Tuesday, August 23, 2005

My client gets bond, like everyone else

Accused killer of foster child Rilya Wilson granted bond

By Curt Anderson
Associated Press Writer
Posted August 23 2005, 5:44 PM EDT


MIAMI -- A judge ruled Tuesday that Geralyn Graham, the woman accused of murdering foster child Rilya Wilson, deserved to be released on bond after the key witness against her refused to testify.

Although Graham, 59, will remain behind bars until May at the earliest because she is serving a sentence for an unrelated motor vehicle fraud conviction, her attorney said the decision by Circuit Judge Andrew Hague to grant bond in Rilya's killing suggested the prosecution's case is weak.

``This additional murder charge is based on nothing _ absolutely nothing,'' said the lawyer, Brian Tannebaum. Bond on a first-degree murder charge in Florida is rare, but allowable.

Hague announced his decision after Robin Lunceford, 42, repeatedly invoked her Fifth Amendment right against self-incrimination when asked questions about Graham and the Wilson case. Graham was indicted for the child's murder after Lunceford told investigators that Graham confessed to her in jail of killing Rilya.

Lunceford, who has a lengthy criminal record, has since been convicted of armed robbery and could get life in prison when sentenced Sept. 9. Her lawyer, Ellis Rubin, said he advised Lunceford against testifying Tuesday because he intends to ask for a new trial in her robbery case.

``I don't want her to give any testimony that might jeopardize my arguments for a new trial,'' Rubin told reporters Tuesday.

Tannebaum, however, said Lunceford's refusal to answer any questions Tuesday indicates that she no longer is interested in testifying against Graham, now that she has less to gain because of the robbery conviction.

``I think that says a lot about this case,'' he said.

Hague set bond for Graham on the murder charge at $100,000, which would be added to the $150,000 bond previously set on a kidnapping charge for a total of $250,000. Graham, who sat passively in court in a maroon jail jumpsuit during the hearing, also would be subjected to electronic monitoring and other restrictions.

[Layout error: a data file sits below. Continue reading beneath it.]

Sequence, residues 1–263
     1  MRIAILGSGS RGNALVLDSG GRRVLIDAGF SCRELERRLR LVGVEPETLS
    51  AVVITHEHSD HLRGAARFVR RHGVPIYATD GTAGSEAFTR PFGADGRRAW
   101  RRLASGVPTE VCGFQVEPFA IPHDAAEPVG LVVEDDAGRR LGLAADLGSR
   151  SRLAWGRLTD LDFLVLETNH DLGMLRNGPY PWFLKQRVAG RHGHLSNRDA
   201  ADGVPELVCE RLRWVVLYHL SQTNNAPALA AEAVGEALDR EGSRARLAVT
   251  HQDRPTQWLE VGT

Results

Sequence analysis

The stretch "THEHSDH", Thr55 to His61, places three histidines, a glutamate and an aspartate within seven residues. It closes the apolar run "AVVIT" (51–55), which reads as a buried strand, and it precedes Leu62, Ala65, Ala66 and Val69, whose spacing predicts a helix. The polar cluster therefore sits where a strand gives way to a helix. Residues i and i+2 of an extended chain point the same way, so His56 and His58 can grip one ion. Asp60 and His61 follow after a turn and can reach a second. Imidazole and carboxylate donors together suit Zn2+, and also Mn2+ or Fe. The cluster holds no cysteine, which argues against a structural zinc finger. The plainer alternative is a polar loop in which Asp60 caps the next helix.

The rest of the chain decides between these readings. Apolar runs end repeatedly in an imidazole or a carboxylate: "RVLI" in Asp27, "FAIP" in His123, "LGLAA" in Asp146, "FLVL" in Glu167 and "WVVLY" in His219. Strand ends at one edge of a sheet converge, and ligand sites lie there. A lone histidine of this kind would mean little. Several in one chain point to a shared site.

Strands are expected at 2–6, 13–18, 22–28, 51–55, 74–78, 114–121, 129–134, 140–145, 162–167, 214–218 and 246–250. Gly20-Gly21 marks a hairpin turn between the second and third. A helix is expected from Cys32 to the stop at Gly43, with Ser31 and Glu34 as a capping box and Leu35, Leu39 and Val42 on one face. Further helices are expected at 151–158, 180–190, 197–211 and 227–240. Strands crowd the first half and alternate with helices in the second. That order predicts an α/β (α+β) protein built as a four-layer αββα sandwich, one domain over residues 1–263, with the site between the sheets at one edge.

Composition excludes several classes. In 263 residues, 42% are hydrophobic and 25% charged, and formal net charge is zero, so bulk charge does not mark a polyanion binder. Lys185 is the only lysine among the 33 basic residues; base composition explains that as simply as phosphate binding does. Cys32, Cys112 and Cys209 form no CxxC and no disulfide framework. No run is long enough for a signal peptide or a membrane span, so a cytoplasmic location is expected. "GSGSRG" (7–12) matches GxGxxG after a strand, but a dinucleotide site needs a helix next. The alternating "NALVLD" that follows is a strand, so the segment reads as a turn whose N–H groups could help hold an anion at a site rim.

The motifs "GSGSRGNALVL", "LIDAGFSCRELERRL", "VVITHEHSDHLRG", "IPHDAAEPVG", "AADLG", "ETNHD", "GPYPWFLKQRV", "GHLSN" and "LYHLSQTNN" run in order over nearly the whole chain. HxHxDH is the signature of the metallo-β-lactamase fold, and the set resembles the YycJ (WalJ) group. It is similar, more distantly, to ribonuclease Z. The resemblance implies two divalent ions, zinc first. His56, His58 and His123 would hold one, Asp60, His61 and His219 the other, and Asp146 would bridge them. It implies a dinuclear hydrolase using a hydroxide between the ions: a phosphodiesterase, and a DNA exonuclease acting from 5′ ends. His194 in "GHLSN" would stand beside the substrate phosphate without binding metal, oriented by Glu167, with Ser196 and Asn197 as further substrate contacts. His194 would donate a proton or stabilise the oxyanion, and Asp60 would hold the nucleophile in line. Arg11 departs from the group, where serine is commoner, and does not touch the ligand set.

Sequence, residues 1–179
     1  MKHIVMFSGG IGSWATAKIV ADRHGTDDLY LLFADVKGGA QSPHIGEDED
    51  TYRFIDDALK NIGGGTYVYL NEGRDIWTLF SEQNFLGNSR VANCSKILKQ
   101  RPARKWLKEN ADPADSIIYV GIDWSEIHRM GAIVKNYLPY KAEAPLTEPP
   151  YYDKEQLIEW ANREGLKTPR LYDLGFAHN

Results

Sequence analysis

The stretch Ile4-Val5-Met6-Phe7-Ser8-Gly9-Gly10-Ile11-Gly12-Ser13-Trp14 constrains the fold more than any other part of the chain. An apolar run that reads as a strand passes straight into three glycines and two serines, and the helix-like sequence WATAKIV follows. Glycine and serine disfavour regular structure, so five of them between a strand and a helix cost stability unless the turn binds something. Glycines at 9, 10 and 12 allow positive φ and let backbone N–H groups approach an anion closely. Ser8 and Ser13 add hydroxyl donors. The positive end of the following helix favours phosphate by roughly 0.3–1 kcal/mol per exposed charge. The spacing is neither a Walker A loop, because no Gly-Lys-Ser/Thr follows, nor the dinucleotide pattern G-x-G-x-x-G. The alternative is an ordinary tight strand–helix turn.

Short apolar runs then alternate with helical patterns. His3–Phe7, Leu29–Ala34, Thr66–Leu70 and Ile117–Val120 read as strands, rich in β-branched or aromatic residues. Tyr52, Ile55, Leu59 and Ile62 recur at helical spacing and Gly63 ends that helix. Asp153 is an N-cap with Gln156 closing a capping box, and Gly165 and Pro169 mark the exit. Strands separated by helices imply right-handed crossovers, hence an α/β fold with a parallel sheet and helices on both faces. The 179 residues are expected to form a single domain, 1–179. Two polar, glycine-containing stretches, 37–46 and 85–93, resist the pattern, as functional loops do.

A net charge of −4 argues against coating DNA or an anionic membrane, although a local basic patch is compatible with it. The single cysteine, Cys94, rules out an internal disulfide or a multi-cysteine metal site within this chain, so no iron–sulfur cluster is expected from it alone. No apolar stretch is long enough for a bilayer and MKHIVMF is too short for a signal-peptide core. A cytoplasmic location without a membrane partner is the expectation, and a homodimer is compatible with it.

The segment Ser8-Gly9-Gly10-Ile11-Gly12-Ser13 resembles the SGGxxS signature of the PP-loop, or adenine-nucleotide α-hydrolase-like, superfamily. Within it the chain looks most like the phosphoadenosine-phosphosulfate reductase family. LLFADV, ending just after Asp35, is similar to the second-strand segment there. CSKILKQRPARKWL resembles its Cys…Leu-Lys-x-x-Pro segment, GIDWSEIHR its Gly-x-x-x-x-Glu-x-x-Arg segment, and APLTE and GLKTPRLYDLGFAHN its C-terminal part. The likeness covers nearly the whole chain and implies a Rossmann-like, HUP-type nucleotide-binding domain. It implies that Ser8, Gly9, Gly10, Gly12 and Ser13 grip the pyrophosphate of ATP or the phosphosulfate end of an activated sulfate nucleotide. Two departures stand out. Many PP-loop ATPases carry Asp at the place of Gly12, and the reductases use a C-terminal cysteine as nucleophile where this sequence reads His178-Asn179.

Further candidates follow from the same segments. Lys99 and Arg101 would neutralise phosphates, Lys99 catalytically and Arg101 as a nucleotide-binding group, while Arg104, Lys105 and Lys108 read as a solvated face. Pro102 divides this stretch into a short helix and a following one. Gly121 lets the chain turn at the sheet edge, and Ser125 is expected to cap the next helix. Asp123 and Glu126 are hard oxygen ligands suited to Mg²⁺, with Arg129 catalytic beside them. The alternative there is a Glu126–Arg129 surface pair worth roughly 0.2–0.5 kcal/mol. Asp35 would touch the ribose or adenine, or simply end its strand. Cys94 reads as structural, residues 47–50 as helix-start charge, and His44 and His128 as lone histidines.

Assistant State Attorney Sally Weintraub argued against bond, pointing out that Graham had a list of 45 aliases with matching false Social Security numbers and should be considered both a flight risk and a danger to the community.

Hague showed some sympathy for that argument but ultimately decided the evidence was not strong enough to justify holding her without bond.

Also appearing at Tuesday's hearing was Pamela Graham, who described herself as Geralyn Graham's ex-lover and who is cooperating with prosecutors in the murder case. Pamela Graham, who is not related to Geralyn, was asked briefly about Geralyn Graham's ties to the community and whether she appeared likely to flee if released.

Police believe Rilya, whose body has never been found, was dead more than 15 months before the state Department of Children & Families realized in April 2002 that the girl was missing despite a requirement for monthly home visits. She was supposed to be under state supervision after being taken from a drug-addicted mother.

The Grahams claimed she had been removed from the home by a state worker in January or February 2001. The discovery that Rilya was missing triggered a search that extended nationally and to the Bahamas, but police claim the Grahams lied about the girl's disappearance to cover up her slaying.

The girl's unnoticed disappearance triggered a review of the state's child protection system and led to resignations by the DCF chief, some Miami administrators and caseworkers.